Trig Substitution with Integration

1. Dec 14, 2004

Tom McCurdy

How would you go about solving
$$\int \frac{\sqrt{1-x^2}}{x^2}$$ ?

I have tried a few things... drawing out triangles... etc but can't seem to get it... I am kind of behind in math because I was gone for awhile because of being sick and presentations.

2. Dec 14, 2004

Hurkyl

Staff Emeritus
Ok, let's take a step back...

Can you do $\int \sqrt{1-x^2} \, dx$?

3. Dec 14, 2004

dextercioby

Try the substitution $x\rightarrow \sin u$.And then part integration.
Daniel

4. Dec 14, 2004

Tom McCurdy

Would that just be

$$x=sin\theta$$
$$\sqrt{1-sin^2\theta$$
$$sin^2=1-cos^2\theta$$
$$\sqrt{1-(1-cos^2\theta)$$
$$\int \sqrt{-cos^2\theta$$

Last edited: Dec 14, 2004
5. Dec 14, 2004

Hurkyl

Staff Emeritus
Yep (assuming you meant cos2 &theta;, and get your signs right)

6. Dec 14, 2004

Tom McCurdy

hmm alright I am still lost even on your back up step

7. Dec 14, 2004

Pyrrhus

Tom, again i emphatize on the important of the differential... do not forget about putting them on your integrals.

Hurkyl means

$$\sqrt{1 - \sin^2} = \sqrt{\cos^2}$$

8. Dec 14, 2004

PICsmith

As long as you're not in the middle of a test or something you can look it up in integral tables and see what answer they got and from that determine what methods they used. For example the solution to this integral is in a form that looks like it was done by parts, plus it has an inverse sine in it, which hints at trig substitutions as was mentioned by dextercioby.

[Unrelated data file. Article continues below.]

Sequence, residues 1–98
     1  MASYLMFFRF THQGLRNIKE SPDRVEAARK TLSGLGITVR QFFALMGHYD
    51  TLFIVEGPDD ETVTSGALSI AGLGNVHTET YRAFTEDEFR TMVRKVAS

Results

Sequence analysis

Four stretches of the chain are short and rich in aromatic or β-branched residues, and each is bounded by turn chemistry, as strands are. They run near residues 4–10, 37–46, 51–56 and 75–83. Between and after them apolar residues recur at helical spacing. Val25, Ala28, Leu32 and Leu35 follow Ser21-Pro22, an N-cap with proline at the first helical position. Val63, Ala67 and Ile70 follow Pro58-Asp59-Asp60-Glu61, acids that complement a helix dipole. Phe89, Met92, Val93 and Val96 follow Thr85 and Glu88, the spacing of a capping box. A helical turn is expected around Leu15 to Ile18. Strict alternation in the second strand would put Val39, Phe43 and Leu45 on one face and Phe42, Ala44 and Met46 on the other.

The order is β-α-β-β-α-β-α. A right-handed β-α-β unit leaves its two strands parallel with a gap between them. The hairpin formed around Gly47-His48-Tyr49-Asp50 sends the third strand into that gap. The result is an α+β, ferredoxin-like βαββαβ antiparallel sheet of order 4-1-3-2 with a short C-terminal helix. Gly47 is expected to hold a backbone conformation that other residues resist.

9. Dec 14, 2004

Tom McCurdy

wow... i missed that competely i need more sleep... so what would I do to for the orignial problem with x^2 in the denominator

10. Dec 14, 2004

Hurkyl

Staff Emeritus
The same thing!

11. Dec 14, 2004

Tom McCurdy

Thats the problem I have a test on all the material I miseed comming up on thursday... and I need to make sure I get a good grade in the class if I want any chance of getting accepted after getting defred from MIT

12. Dec 14, 2004

Tom McCurdy

So would it just come out to be $$\int \frac{\sqrt{cos^2\theta}}{sin^2\theta}$$ ?

13. Dec 14, 2004

dextercioby

Not exactly.U need to transform "dx" as well.That will give another "cosine".
In should be
$$\int \frac{\cos^{2}\theta}{\sin^{2}\theta}d\theta$$.

14. Dec 14, 2004

Tom McCurdy

oh yeah I forgot about that... so it becomes the $$\int tan^2\theta$$

15. Dec 14, 2004

Tom McCurdy

My question is how did you decide to make $x=sinu$

16. Dec 14, 2004

cyby

That is a standard trig substitution, no?

17. Dec 14, 2004

dextercioby

1.First of all it's $$\arctan^{2}\theta$$.
2.Experience at doing integrals??? Actually it was the expression under the radical that led to the natural substitution "sine"/"cosine",just because:
$$1-\sin^{2}\theta =\cos^{2}\theta$$ and another one similar.

Daniel.

Last edited: Dec 14, 2004
18. Dec 14, 2004

Tom McCurdy

Alright I am going to assume $x=4sinu$ for

$$\int \frac{x^3}{\sqrt{x^2-4}}dx$$

Therefore
$$dx=cos\theta$$

$$\int \frac{4sin\theta^3}{\sqrt{4sin\theta^2-4}}*cos\theta$$

$$4 \int \frac{sin\theta^3}{\sqrt{sin^2\theta-1}} *cos\theta$$

$$4 \int \frac{sin\theta^3}{\sqrt{cos^2}}*cos\theta$$

$$4\int sin\theta^3 d\theta$$ ?????

Did i do it right???

Last edited: Dec 14, 2004
19. Dec 14, 2004

Parth Dave

it depends on what form it is in, if you have:
(a^2 - x^2) : x = asin(theta)
(a^2 + x^2) : x = atan(theta)
(x^2 - a^2) : x = asec(theta)

20. Dec 14, 2004

dextercioby

Hold on,what u posted is wrong:Û don't need 4,but 2 (check the denominator)
$$dx=2 \cos\theta d\theta$$
$$x^{3}=8\sin^{3}\theta$$

Daniel.